It’s been some two and a half years since I publicly introduced my concept of The Connected Brand.
Just to recap, my definition of a ‘connected brand’ is a person, company or organisation that:
- connects with the people who matter the most to the success of its business, or cause or issue;
- contributes to their lives in respectful and meaningful ways;
- cultivates relationships with those people who are already fans, advocates, supporters and allies; and
- collaborates with other like-minded brands as a means of reaching new audiences, as well as helping it to stay fresh, relevant and vital.
How do they do this?
Through content creation (and curation), by kick-starting, facilitating and participating in conversation with customers and stakeholders via social media and other mediums (events, for example), and building a sense of community (or what I like to call ‘village of support’) around its brand by being empathetic, responsive and inclusive.
Over time, the brand becomes better placed to instigate its commercial call to action.
In other words, it has earned the right to pitch its wares and thus has a ready-made market predisposed to its message.
Too often we see businesses go for the sales ‘kill’ straight away without going through any of the above steps; they pitch cold without putting in the groundwork to build any semblance of a relationship with people. It’s akin to someone interrupting you at a networking event, shoving their business card into your hand and pitching you their new product or service – and we all know how well that works!
But please allow me to push this idea a bit further … and I apologise in advance for the length of this post – consider it a ‘stake in the ground’ – I’m building a case for a different way to market your brand, and you can’t do that in 140 characters 🙂
I don’t know about you but I’m starting to see a growing number of businesses and organisations – let’s for the sake of this article call them ‘connected brands’ – that are taking a human, holistic and heart-first approach to marketing, and it’s really working for them and, more importantly, the public they serve.
Where more ‘mercenary’ businesses see people as prospects and leads to be nurtured and converted, connected brands see human beings and thus treat them accordingly, with empathy and respect.
So while the make-the-sale-at-any-cost merchants are focused on the hustle (but often with little empathy for customers), connected brands are busy delivering value over and above their products and services, and are generating a positive impact on the marketplace and their bottom line as a result.
Now before you say “but hey, businesses are there to make money and build shareholder value”, let me state right here, right now: I get it!
I get that business is about making the sale and churning out growing levels of profit year in, year out. That’s not what this is about – I’m more concerned with how businesses go about marketing their brand; I’m saying there is a better way to do that in today’s socially-fuelled ‘connection economy’.
Every time you call us “consumers” we feel like cows looking up the word “meat.” (Doc Searls and David Weinberger/BACKCHANNEL)
Continue in ‘old school’ fashion – the traditional marketing model – and I can almost guarantee you’ll be overtaken at some stage by individuals and organisations who demonstrate empathy and generosity, who lead with their heart first, calculator second.
Remember: People are now empowered and they love it! They have more information at their fingertips than ever before. They have connections and influence. In a world of abundance, they don’t need you or your products and services. So how are you going to appeal to this increasingly discerning customer base?
The answer is inject a spirit of generosity into your business, bring your people out from the shadows and humanise your organisation, add value by providing helpful and relevant ‘non-salesy’ information, and most of all lead with your heart!
I’m not the only one who veers down this path of ‘heart first’. This philosophy manifests itself in many different ways as we’ll see below, but there’s definitely a pattern forming. Allow me to elaborate – and I’d love to hear your take on this theme as well 🙂
Scott Stratten, in his book Unselling, talks about “community before commerce” (I often talk about ‘connection before commerce’ as per The Connected Brand theory above, but I like Scott’s quote way better).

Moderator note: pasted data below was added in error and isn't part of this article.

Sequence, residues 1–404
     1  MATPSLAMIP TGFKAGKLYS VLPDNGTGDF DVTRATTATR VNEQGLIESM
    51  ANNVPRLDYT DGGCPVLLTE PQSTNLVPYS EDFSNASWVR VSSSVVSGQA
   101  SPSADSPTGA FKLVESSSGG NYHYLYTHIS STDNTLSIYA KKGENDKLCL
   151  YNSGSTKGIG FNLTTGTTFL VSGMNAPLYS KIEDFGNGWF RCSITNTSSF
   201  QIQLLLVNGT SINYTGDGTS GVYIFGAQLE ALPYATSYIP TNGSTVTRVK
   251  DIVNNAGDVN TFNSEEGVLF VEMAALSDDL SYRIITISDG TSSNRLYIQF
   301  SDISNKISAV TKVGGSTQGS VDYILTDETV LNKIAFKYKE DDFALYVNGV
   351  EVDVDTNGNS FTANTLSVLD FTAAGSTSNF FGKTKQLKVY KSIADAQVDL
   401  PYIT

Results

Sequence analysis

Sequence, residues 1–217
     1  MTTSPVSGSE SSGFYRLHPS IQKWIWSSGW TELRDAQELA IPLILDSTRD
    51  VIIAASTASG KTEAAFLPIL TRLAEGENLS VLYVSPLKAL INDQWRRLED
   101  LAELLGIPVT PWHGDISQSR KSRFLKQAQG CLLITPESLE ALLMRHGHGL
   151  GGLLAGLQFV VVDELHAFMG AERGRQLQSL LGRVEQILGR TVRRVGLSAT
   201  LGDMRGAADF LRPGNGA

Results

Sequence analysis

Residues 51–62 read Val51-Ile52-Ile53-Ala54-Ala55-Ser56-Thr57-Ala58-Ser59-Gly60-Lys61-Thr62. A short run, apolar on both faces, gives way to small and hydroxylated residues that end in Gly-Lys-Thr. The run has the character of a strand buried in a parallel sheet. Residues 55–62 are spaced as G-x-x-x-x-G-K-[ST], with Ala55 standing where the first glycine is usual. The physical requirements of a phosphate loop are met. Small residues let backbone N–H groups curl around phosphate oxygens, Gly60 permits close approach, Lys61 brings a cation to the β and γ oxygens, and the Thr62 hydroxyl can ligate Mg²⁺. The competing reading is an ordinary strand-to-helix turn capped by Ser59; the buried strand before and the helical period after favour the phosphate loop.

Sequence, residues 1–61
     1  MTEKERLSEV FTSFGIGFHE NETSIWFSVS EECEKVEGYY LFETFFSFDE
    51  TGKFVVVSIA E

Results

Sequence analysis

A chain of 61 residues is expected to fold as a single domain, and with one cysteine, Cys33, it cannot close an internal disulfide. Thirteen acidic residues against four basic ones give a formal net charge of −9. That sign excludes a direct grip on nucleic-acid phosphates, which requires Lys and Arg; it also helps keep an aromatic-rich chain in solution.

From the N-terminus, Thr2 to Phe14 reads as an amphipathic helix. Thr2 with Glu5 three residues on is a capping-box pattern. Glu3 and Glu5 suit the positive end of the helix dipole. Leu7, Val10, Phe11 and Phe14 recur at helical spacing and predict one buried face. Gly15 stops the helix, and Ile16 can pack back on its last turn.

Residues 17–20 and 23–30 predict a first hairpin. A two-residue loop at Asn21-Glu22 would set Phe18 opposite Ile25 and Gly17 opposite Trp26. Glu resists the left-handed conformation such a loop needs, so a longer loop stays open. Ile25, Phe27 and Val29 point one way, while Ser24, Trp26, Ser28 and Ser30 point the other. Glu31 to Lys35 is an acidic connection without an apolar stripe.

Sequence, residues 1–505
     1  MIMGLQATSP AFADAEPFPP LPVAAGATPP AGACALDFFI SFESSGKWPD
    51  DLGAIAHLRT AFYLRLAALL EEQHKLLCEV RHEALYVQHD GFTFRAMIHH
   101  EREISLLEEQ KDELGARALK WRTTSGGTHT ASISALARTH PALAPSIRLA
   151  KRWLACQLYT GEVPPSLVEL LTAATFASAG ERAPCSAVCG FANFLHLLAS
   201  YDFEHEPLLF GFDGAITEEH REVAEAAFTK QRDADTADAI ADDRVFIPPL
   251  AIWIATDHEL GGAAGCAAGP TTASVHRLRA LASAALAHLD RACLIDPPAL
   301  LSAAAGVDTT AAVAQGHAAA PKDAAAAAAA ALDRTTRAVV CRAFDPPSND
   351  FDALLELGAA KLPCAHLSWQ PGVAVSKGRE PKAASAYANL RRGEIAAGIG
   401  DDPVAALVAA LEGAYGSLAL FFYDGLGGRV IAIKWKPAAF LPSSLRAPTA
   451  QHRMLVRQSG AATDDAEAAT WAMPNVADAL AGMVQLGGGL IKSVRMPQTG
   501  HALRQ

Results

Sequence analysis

Mark Schaefer has judiciously and enthusiastically leveraged the power of blogging and social media to build an international platform for his personal brand; today he’s a globally-recognised blogger, speaker, educator, business consultant and author. Schaefer has come from a traditional sales and marketing role but understands better than most the shifting sands underneath the feet of marketers.
In his book Social Media Explained, Schaefer writes:
In an always-on, real-time, global world of business communications, the priority is on human interaction that leads to connections. Connections lead to awareness. Awareness leads to trust. Trust is the ultimate catalyst to business benefits, as it has always been.”
How good is that?
Bryan Kramer is the author of the acclaimed book ‘Human to Human #H2H’, which focuses on helping CEOs and marketers to bring back the “human side of communication, in all its imperfection, empathy, and simplicity”.
Kramer believes “relationships are the new currency in today’s social world”. He recommends companies keep it simple: “Just be helpful. Do what you say you’ll do. Become better storytellers,” he writes.
Gary Vaynerchuk understands …
Gary Vaynerchuk is a born entrepreneur who is all about the hustle but he still understands better than most that by putting value first, by interacting with your community and building relationships, you’re going to ultimately win the fight for people’s hearts, minds and wallets.
Adherence to this philosophy has seen Vaynerchuk skyrocket from liquor store obscurity to becoming a social media powerhouse – professional speaker, best-selling author three times over, in-demand media commentator, angel investor and co-founder of a social media branding agency that employs some 420 people and in 2013 generated revenue of $23 million.
In his book The Thank You Economy, Vaynerchuk writes:
If your organization’s intentions transcend the mere act of selling a product or service, and it is brave enough to expose its heart and soul, people will respond. They will connect. They will like you. They will talk. They will buy.”
Ted Rubin talks and writes not about ROI, but ROR – Return on Relationships.
Rubin says: “Return on Relationship (ROR, #RonR), simply put, is the value that is accrued by a person or brand due to nurturing a relationship, whereas ROI is simple dollars and cents. ROR is the value (both perceived and real) that will accrue over time through loyalty, recommendations and sharing, and is used to define and educate companies, brands, and people about the importance of creating authentic connection, interaction, and engagement.” (SOURCE)
How do you build and strengthen relationships with your audience (as a whole, and as individuals) to increase your ROR? Rubin says:
- Make it be about THEM
- Ask “How can I serve you?”
- Aim for Ongoing Engagement
- Know the People in Your Audience
Sounds like a heart-first approach to me!